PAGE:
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Charlie Huang is chief strategy officer and acting CTO at Cadence Design Systems. In this Q&A interview, he talks about his background and his role at Cadence, discusses technology development in such areas as verification, low power, ESL, and mixed-signal design, and explains Cadence’s emphasis on R&D.
Q: What was your background before joining Cadence?
A: I joined Cadence through Cadence’s acquisition of CadMOS in 2000. I was one of the co-founders there, and our products were in the signal integrity area. The flagship product was CeltIC, which is still in widespread use today.
Before that, I was R&D manager at Synopsys for Pathmill. I joined Synopsys through its acquisition of Epic iin 1997. I joined Epic in 1990, right out of school, and I led the development of three of its products – Powermill, Timemill, and Pathmill. I received my PhD from Carnegie Mellon in 1990. My thesis was on model order reduction, which is widely used to deal with very large interconnects.
Q: What is your role at Cadence today?
A: As chief strategy officer, I help [CEO] Lip-Bu Tan and other management team members make sure that what we’re doing is co-ordinated and balanced and fits a strategy we can all agree upon. As acting CTO, I look at advanced technology and work with Andreas Kuehlmann, head of Cadence Research Labs, to determine whether a particular technology has a place at Cadence and assess its risks. Part of my work with [former CEO] Mike Fister was to assess risks in technologies, which combines a technical assessment with a view of market or business risks.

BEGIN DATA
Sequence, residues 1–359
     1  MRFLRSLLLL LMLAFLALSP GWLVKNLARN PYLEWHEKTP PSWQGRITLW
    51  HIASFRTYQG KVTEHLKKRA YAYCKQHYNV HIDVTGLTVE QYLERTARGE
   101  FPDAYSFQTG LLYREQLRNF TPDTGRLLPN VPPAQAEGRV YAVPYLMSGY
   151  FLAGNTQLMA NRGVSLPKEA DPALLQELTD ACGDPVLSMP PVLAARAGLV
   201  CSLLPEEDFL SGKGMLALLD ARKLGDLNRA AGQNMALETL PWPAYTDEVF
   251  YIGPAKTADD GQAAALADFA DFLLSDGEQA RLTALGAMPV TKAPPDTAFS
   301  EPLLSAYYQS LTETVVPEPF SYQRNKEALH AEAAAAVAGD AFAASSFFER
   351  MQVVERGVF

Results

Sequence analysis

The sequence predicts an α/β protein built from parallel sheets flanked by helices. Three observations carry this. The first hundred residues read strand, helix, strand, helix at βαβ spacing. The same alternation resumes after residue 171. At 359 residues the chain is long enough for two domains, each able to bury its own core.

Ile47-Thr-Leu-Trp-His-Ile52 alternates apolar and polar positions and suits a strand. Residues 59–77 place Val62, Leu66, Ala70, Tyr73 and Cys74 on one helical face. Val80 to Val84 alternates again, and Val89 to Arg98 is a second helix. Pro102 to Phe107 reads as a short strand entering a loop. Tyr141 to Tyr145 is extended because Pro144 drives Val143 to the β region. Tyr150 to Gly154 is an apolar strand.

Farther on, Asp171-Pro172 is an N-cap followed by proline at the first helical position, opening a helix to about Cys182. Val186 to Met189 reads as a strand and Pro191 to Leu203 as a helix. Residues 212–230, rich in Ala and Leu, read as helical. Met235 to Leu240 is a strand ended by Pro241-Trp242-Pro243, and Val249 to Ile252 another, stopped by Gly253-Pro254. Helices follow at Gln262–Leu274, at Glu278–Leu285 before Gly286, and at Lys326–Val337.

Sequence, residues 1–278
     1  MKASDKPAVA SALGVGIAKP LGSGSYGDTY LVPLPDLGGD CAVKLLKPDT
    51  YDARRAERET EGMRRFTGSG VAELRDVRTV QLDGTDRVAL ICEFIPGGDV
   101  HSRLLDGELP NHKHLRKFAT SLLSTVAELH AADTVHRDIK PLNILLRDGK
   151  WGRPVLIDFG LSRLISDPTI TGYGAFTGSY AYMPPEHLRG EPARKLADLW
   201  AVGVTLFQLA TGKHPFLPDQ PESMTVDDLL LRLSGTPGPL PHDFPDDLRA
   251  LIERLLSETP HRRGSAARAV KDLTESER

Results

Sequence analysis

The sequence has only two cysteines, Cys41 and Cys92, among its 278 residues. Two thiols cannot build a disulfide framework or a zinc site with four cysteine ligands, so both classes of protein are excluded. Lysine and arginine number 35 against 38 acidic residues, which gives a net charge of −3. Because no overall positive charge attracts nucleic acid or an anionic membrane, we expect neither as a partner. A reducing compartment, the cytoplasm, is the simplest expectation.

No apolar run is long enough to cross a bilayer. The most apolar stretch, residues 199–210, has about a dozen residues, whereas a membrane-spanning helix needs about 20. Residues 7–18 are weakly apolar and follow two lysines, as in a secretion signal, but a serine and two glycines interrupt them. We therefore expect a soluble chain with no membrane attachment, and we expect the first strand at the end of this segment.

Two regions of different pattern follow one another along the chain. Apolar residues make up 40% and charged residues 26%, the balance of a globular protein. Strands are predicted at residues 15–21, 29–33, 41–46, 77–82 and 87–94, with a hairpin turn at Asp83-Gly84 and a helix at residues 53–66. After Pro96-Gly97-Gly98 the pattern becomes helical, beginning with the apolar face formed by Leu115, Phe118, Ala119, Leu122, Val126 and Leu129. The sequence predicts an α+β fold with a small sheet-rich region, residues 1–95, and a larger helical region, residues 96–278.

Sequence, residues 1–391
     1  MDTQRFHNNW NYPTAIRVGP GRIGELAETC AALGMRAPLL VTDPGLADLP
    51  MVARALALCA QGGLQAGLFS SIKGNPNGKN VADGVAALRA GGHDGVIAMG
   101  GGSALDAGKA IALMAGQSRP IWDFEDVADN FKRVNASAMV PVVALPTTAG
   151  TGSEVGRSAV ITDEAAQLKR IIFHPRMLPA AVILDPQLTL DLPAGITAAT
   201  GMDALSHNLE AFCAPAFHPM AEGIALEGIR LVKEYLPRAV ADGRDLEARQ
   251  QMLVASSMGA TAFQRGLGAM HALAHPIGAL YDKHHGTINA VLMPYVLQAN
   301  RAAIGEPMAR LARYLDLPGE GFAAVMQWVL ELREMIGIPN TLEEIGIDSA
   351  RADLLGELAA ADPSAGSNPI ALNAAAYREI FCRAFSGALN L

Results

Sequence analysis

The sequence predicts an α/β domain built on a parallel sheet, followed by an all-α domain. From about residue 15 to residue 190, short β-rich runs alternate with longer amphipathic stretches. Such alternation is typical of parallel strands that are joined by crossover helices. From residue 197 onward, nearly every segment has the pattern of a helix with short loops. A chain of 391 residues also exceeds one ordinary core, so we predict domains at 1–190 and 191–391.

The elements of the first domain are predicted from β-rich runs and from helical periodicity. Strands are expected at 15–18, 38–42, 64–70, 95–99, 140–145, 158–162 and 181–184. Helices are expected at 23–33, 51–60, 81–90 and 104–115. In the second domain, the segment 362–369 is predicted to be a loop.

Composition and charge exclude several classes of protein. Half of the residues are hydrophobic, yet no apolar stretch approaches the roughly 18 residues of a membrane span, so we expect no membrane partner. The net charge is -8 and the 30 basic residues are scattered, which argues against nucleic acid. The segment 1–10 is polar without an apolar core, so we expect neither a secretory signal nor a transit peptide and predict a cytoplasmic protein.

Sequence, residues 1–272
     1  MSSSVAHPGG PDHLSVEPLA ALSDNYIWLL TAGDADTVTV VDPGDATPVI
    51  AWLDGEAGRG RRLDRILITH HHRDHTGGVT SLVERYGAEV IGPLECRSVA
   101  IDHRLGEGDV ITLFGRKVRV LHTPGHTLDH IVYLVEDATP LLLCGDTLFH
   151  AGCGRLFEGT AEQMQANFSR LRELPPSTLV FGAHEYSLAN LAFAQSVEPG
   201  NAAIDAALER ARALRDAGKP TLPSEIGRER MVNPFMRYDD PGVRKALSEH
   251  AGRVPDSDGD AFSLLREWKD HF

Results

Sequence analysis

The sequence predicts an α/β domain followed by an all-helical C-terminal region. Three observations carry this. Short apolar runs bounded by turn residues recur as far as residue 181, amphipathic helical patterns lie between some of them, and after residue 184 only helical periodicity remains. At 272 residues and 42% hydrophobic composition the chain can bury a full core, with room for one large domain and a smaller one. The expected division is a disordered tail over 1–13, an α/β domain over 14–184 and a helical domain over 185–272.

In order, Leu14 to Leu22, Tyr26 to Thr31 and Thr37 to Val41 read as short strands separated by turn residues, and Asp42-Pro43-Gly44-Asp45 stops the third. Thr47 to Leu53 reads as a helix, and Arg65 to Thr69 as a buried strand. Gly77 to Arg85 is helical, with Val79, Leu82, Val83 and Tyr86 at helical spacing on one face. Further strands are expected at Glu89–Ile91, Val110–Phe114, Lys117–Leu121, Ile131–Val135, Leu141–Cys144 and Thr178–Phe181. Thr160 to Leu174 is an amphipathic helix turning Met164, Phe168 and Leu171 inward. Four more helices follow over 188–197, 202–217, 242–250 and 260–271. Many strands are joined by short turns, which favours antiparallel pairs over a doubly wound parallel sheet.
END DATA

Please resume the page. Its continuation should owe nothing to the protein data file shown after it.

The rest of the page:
Q: What are the most important technology development initiatives underway at Cadence today?
A: One is low power. The low power effort is typical of the initiatives we plan to have in that it allows various parts of Cadence to come together and weave a comprehensive and integrated solution. Low power requires such a coordinated approach because power must be dealt with on an integrated basis – it’s no longer about which tool runs how fast. We have proven to ourselves that those “silos” people think Cadence has can come together to provide an integrated solution.
Q: What other technology efforts are important?
A: Enterprise verification is a major effort. Our view is that verification will grow faster than other segments of EDA. This includes traditional logic-level verification as well as the rise up to system verification. This is not a “my Verilog is faster than your Verilog” type of thing – it’s about the whole methodology. There is no silver bullet.